White Tiger by Aravind Adiga

January 18, 2010
By Anonymous

Two Ways to Escape Poverty

White Tiger ends with Balram saying everyone must have killed someone at some point in his or her lives to reach the top. The movie Slumdog Millionaire comes from a very similar location as White Tiger. The morals portrayed in this movie state that if you are honest and rise above the corruption around you, then you would make it out of the slums. This contradicts Balram’s view on how to make it out of the darkness in many ways. Even though Slumdog Millionaire’s main character, Jamal, and Balram may have different morals, they are both searching for social justice.

As a driver, there are many possible ways for Balram to make extra money. He could fairly just drive more or do extra work without being asked. This take would follow Slumdog Millionaire’s approach. However, the extra money Balram receives from Mr. Ashok doesn’t satisfy him. The dissatisfaction prompts Balram’s beliefs to change over time. He ultimately believes that whoever is trickier and more cunning will be more successful in the end. Balram says everyone has got to do whatever can get him or her to the top. In this case, Balram kills Ashok in order to get his big, red bag full of money. Mr. Ashok’s money was going to politicians to be used for the people. Because of this, Balram got the impression that it would be morally acceptable to take the money for him since it was supposed to go towards him anyway.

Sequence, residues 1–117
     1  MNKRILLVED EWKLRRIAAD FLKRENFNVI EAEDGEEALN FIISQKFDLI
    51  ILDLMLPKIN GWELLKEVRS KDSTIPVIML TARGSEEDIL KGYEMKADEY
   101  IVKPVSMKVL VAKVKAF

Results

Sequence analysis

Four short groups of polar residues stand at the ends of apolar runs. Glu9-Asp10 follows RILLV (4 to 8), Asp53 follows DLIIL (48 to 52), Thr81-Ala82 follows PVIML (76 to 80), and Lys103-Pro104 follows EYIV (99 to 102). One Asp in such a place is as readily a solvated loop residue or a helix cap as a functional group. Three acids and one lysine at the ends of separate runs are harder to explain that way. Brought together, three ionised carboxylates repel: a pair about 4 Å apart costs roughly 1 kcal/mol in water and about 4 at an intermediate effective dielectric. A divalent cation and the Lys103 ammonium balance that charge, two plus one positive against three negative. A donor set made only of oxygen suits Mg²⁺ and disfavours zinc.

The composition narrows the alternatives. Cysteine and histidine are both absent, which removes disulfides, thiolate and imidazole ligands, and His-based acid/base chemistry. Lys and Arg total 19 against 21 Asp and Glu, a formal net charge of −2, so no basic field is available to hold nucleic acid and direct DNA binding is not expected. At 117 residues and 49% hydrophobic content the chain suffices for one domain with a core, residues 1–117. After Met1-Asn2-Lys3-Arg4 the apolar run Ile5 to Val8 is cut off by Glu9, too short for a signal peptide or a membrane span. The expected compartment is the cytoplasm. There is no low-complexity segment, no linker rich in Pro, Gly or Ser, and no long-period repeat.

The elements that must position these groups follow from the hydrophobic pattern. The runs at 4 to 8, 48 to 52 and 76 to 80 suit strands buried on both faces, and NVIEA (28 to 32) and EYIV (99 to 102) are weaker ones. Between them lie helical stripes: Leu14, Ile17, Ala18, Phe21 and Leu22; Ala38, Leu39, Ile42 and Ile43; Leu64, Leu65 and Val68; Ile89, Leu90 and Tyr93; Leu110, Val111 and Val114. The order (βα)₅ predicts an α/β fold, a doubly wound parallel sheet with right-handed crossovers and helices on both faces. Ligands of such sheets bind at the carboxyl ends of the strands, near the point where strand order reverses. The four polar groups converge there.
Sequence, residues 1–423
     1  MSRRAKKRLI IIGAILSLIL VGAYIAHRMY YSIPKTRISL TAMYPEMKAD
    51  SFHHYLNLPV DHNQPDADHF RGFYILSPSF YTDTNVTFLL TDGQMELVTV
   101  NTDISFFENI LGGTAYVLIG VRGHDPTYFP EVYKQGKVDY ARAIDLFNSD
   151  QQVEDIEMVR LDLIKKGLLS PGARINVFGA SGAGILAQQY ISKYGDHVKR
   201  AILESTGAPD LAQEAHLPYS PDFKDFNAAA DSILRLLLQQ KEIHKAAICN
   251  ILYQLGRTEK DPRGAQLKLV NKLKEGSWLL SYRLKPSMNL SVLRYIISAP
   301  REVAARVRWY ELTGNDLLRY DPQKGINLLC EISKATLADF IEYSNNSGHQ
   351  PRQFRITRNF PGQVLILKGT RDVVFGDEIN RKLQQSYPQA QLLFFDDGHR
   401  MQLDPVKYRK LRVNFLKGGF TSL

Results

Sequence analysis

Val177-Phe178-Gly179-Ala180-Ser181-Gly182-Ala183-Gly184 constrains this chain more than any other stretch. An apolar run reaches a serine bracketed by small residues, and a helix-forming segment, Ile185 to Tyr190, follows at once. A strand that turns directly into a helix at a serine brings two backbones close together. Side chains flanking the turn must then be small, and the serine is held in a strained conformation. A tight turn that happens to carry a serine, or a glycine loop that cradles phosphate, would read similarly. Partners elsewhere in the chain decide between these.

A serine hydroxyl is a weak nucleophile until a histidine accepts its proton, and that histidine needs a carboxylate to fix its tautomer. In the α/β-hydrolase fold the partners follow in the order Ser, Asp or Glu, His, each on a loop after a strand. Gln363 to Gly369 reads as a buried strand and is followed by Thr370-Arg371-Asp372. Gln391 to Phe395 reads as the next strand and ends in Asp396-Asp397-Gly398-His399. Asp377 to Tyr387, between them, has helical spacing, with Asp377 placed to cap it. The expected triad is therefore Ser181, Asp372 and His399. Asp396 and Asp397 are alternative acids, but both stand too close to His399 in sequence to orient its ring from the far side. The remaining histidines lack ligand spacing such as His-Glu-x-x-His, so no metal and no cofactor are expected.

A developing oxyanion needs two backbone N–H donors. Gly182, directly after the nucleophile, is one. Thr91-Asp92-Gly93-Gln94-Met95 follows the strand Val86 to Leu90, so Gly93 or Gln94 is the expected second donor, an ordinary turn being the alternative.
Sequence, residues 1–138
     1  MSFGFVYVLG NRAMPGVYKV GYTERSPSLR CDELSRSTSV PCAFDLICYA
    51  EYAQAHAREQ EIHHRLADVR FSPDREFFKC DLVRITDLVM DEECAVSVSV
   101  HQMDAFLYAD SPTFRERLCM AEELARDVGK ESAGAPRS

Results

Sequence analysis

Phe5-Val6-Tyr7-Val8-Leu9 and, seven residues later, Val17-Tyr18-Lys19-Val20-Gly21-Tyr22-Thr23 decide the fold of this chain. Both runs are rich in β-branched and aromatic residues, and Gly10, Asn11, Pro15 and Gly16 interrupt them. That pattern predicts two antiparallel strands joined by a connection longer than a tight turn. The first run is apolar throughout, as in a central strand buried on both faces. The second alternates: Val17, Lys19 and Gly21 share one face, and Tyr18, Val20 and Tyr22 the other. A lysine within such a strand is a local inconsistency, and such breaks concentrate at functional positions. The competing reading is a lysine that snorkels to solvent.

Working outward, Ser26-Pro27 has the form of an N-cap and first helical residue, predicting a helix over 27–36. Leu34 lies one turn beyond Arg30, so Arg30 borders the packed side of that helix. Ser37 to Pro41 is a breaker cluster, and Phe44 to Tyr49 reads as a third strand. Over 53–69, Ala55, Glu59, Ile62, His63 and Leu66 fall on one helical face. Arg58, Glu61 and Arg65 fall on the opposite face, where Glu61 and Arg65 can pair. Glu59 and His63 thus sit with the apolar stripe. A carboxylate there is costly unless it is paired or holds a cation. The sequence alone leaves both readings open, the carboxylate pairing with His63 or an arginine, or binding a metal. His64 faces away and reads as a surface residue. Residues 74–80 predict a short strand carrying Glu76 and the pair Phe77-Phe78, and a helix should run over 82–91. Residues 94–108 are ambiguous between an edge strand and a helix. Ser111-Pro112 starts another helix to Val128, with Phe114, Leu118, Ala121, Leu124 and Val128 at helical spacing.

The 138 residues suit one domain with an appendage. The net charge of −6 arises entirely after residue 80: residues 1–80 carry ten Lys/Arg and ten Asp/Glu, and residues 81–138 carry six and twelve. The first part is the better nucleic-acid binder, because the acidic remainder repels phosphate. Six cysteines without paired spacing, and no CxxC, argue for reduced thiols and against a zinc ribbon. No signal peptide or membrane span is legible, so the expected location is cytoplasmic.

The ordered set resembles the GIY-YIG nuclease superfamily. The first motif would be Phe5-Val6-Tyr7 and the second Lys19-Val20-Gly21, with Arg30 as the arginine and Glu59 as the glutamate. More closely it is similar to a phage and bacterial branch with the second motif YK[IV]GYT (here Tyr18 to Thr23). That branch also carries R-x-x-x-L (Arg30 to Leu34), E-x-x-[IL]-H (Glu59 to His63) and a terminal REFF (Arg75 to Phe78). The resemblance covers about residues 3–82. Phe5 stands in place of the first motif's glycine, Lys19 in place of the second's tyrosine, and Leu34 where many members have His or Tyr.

Balram is always nervous that others will think he is weak or vulnerable. To him, it’s all about proving yourself. Slumdog Millionaire shows the opposite with a character like Jamal that believes anything is achievable through honesty. Jamal realizes that if it is his destiny, he will be able to overcome his past and become something better. Balram would completely argue this. Through honesty, he got nowhere. When he was an honest driver it only strengthened his relationship with Ashok. However this relationship ended up having no significance to either person. The only way Balram moved his way up was through scheming and killing, not through the relationships he formed, which actually held him back.
Both stories show that people in poverty do not choose their misfortune although society usually treats them that way. Balram and Jamal had unrealized potential and were looked over because of their social status. Still, they managed to make it into the “light.” Balram has darkened his soul by becoming a killer, but he also has succeeded in everyman’s struggle because of it.

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